Farmer sorting rice(Photo by Getty Images/iStockphoto)

UC Berkeley team advances food systems in new $20M research center

Campus expertise in simulation technologies will play a key role in the new AI Institute for Next Generation Food Systems

August 26, 2020 by Kirsten Mickelwait

A new research center funded by the National Science Foundation (NSF) in partnership with the U.S. Department of Agriculture (USDA) and the National Institute of Food and Agriculture (NIFA) will aim to improve U.S. food systems to address such issues as pandemic-driven food system security and safety; improving crop yield, quality and nutrition; decreasing energy and water resource consumption; and increasing production and eliminating food waste.

The NSF today announced the award of $20M over five years to create the USDA-NIFA AI Institute for Next Generation Food Systems (AIFS), one of five AI institutes established to accelerate research and support the U.S. workforce. The center is led by a team at UC Davis in partnership with researchers from UC Berkeley, Cornell University, University of Illinois at Urbana-Champaign, the UC Division of Agricultural and Natural Resources (ANR) and the U.S. Department of Agriculture. Each of these institutions has a proven track record of excellence across such areas as artificial intelligence (AI), simulation, food system sciences and engineering.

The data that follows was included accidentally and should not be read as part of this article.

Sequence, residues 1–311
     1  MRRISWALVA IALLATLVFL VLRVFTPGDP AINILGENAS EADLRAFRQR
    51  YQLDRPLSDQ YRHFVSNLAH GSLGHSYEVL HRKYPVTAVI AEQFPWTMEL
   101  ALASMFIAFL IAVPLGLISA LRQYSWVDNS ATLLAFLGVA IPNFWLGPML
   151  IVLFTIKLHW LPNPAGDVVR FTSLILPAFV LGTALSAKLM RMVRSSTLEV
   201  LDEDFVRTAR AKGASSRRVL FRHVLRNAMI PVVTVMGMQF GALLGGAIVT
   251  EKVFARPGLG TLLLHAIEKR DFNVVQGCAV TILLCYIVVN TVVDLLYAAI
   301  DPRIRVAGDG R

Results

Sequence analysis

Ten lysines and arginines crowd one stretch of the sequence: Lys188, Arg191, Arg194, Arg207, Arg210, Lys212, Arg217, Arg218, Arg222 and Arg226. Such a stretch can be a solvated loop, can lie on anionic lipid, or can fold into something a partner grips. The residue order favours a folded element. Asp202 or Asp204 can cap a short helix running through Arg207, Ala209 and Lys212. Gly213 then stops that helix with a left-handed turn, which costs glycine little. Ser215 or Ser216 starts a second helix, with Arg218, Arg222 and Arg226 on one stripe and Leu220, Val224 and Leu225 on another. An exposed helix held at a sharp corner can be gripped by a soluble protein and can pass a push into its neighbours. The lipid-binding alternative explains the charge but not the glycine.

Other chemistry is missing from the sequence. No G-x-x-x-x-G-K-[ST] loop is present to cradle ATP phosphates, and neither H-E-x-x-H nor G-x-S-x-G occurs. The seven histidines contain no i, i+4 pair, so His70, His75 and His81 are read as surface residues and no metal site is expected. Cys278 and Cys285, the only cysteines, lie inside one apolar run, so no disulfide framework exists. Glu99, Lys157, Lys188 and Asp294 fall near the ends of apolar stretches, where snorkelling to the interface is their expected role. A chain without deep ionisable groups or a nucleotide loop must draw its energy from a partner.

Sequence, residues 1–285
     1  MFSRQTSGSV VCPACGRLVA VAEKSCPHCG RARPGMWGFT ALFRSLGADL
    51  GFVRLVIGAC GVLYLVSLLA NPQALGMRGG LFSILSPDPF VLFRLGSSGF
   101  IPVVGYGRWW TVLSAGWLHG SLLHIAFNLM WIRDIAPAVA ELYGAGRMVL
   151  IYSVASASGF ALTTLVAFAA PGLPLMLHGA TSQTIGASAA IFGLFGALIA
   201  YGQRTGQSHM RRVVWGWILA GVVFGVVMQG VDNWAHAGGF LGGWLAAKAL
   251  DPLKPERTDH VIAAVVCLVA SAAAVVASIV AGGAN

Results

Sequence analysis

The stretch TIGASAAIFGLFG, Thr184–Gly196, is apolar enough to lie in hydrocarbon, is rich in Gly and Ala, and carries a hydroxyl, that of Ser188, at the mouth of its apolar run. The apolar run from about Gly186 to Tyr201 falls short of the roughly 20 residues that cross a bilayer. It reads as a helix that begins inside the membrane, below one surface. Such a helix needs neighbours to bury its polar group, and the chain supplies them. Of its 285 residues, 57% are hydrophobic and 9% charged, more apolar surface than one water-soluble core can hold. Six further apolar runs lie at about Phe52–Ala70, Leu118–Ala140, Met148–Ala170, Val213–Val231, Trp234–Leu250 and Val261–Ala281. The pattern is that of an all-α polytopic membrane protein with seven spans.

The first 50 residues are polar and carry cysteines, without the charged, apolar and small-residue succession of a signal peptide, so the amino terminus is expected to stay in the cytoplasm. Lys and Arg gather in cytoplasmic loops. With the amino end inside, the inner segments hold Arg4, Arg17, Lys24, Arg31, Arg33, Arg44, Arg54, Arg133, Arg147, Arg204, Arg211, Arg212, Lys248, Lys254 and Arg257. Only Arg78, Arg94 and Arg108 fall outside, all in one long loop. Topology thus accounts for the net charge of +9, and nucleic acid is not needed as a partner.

“Berkeley has extensive expertise in simulation technologies, which can be applied to create virtual food systems that will leverage the monumental leaps in high-performance computer simulation, AI and machine learning,” said Tarek Zohdi, professor of mechanical engineering and  head of the 10-member UC Berkeley team. “This new effort will be centered around the concept of the ‘Digital Twins’ of physical reality — digital replicas of complex food systems that can then be inexpensively and safely manipulated, improved and optimized in a virtual setting.”

The UC Berkeley researchers include members of the Center for Next Generation Food Systems, coming from across campus with collective expertise in high-performance computing, advanced manufacturing, pathogen propagation, contact tracing, decontamination, autonomous systems and technology transfer.

According to the USDA, in 2018 37.2 million people lived in food-insecure households in the United States. The World Health Organization estimates that 600 million — almost 10% of the global population — fall ill and 420,000 die every year after eating contaminated food. And while there is more than enough food produced in the world to feed everyone on the planet, about 690 million people worldwide go to bed hungry each night. The overall mission of the center is to optimize global food production, quality and security in the era of pandemics and beyond. With the fifth-largest economy in the world, California is affected by all of these themes.